Grease guzzlers find a way to save on gasoline – vegetable oil
Ty Martin estimates he gets about 100 miles per gallon of diesel out of his old Dodge truck.
And he’s not joking.
“I’ve done some extensive road testing and had great luck,” the Lawrence resident said.
Martin is one of a small but growing group of drivers who are skirting rising gas prices and taking what they see as a more environmentally friendly route by fueling their cars with used restaurant grease.
“It’s something that’s really taken off in the last two years,” said Josiah Cuneo, production manager for Greasecar Vegetable Fuel Systems, a Massachusetts-based company that sells the kits to enable diesel engines to run on vegetable oil.
For Martin and his co-worker and fellow grease guzzler Marcos Markoulatos, it’s more than just a way to run the car – it’s a way of life.
The two, both automotive technicians at Kansas City Auto Sport, started using grease in their vehicles last year. They both drive Dodge trucks built to run on diesel.
Markoulatos bought a $1,000 kit to convert his engine to use vegetable oil.
The process involves essentially adding a second fuel system to the vehicle to accommodate the vegetable oil.
“You keep diesel in the main system, vegetable oil in the added system and then you have a switch where you can switch between the two fuels,” Markoulatos said. “It took me a very leisurely weekend to install.”
Martin, who converted his engine a bit later, chose to convert his truck from scratch, using a mixture of salvaged parts.
In the winter, Martin will use diesel fuel for the first 10 minutes of his drive until the grease, which thickens in cold weather, warms up along with the engine. Then he’ll flip the switch to grease for the remainder of the trip until just before the end, when he switches back to diesel to purge the oil from the engine.
Regardless of whether he drives to Topeka or Denver, he’ll use the same amount of diesel to get started and to end his trip. That makes long-distance driving with grease particularly economical, the drivers said.
Fill ‘er up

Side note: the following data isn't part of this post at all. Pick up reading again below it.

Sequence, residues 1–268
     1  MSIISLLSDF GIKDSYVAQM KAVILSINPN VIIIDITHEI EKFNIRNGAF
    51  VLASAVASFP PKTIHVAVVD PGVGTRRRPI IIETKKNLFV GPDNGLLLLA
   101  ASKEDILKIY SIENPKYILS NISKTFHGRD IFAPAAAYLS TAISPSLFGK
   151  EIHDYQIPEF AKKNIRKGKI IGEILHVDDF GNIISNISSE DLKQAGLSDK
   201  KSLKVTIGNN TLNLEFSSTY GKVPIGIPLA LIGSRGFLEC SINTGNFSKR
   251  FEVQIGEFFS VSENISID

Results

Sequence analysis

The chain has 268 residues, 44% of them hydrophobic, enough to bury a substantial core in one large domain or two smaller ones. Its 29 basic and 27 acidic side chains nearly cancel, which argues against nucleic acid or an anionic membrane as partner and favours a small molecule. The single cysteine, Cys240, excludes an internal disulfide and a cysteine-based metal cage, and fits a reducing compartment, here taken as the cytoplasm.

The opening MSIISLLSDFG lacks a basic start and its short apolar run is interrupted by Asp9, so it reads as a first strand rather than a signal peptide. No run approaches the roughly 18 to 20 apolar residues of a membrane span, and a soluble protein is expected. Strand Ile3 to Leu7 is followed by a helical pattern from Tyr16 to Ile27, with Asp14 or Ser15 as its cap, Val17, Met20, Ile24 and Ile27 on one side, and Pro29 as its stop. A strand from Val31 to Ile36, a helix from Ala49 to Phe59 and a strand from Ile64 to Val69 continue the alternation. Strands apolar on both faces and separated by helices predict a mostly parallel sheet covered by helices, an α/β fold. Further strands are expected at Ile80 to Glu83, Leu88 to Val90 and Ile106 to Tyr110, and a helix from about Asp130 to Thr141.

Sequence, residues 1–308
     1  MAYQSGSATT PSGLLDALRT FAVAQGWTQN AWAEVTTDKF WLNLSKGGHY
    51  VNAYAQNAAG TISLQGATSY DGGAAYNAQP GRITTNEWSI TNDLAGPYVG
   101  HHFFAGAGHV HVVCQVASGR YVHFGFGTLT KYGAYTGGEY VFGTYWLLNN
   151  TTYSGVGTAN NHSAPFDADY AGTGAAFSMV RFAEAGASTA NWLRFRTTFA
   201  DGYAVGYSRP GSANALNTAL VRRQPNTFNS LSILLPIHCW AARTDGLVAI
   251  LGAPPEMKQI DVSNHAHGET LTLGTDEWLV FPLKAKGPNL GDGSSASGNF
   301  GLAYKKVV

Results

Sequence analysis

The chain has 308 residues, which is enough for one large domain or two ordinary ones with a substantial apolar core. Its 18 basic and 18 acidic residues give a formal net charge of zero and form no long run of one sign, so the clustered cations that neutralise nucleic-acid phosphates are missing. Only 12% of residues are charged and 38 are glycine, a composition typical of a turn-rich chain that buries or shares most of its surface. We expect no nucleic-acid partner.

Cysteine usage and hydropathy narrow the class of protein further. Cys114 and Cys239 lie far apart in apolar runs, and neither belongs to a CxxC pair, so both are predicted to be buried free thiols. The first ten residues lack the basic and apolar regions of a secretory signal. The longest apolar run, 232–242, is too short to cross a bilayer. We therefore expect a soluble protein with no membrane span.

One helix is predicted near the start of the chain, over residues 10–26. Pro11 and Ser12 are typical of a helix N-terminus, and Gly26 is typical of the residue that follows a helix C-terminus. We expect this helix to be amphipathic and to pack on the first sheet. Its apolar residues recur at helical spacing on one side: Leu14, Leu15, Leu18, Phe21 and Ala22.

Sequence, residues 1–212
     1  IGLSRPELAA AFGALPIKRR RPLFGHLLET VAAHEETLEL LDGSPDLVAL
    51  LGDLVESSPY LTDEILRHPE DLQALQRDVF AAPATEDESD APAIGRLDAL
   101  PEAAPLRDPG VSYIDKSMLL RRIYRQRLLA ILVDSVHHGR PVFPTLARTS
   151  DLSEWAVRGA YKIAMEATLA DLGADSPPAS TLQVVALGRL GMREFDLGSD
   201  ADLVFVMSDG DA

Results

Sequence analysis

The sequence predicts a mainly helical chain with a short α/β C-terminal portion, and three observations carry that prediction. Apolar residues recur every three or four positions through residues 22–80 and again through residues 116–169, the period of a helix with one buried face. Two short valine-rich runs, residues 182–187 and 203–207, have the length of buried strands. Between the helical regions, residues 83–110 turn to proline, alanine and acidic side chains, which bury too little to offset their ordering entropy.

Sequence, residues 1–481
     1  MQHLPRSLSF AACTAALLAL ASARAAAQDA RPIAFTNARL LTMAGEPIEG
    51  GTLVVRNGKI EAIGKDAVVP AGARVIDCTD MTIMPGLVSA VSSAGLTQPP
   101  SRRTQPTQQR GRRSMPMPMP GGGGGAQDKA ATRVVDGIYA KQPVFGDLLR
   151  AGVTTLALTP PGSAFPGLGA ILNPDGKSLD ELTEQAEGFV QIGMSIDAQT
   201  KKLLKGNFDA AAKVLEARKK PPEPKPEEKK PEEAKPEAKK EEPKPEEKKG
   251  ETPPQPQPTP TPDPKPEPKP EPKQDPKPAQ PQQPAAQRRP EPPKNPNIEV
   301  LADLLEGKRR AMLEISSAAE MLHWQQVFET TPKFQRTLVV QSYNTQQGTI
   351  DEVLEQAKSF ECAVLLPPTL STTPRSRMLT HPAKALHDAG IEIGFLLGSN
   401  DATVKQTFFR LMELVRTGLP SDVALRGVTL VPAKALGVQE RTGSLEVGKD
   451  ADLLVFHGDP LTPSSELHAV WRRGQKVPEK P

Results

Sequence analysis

For these drivers, local restaurants take the place of gas stations.
Martin and Markoulatos have built relationships with downtown Lawrence restaurant staff members whom they visit regularly when they pick up leftover oil that was used to fry french fries, onion rings and other foods.
Martin declined to say where he gets the grease because he didn’t want to inform others of his resources and lose out on the grease. Not all grease is considered equal and the drivers prefer quality restaurants that use quality oil and change it regularly, he said.
Using grease can be time-consuming, but Martin and Markoulatos say they don’t mind.
After gathering the grease, the drivers must take it home, where they let it settle in a large bucket. Then they pass it through a filter and into another bucket where it stays until it’s pumped into the trucks.
Markoulatos said he gets about 20 miles per gallon when using grease and about 22 miles per gallon on diesel.
“You lose a little bit of economy and a little bit of power – I’d say less than 10 percent of either,” Markoulatos said. “I bought the truck to haul a trailer with my Jeep on it. And I’ve never had any issues with that. There’s never any time when I wish I had more power running on vegetable oil. It seems like an even trade-off.”
Clean Air Act
Cuneo, of Greasecar, said the company has sold 3,000 conversion kits since the company started in 2000 and this year has been the busiest so far.
Cuneo attributes rising sales to the spike in fuel costs as well as increased concerns about global warming.
“One of the first questions we always get is ‘What is the difference between what we’re doing and biodiesel?'” Cuneo said.
Biodiesel is a fuel made from vegetable oil that can run in any unmodified diesel engine.
Cuneo admits that vegetable oil is more time-consuming to process and use than biodiesel, which is available at some gas stations.
But with vegetable oil, “the benefit is you’re going to be paying essentially nothing for the fuel that you’re using,” he said.
While grease users point to the fuel’s ecofriendliness, the Environmental Protection Agency sees it differently. Using vegetable oil fuel is a violation of the Clean Air Act, according to the EPA.
“The Clean Air Act requires they use only registered fuels,” EPA spokesman John Millett said. “If you’re making your own fuel, then it’s not a registered fuel.”
Millett said drivers that use vegetable oil fuel run a few risks, including creating more pollution than diesel or biodiesel, damaging their engines and the legal risk of using an unregistered fuel.
“There are compounds in vegetable oil that create a soot,” Millett said of the pollution concerns.
And, he said, working with fuels in a home or garage can be a fire hazard.
But vegetable oil fuel drivers point out it’s a renewable resource and say it’s “carbon neutral” because vegetable oil plants absorb more carbon dioxide from the air during their growing cycle than is released when the oil is burned. It also uses a restaurant waste that otherwise would be disposed of.
They also don’t mind another unique aspect – the smell.
Sniff the exhaust and you’ll likely get a whiff of french fries or onion rings.
“It smells pretty much like Burger King,” Martin said of his exhaust. “I don’t know what that says about Burger King.”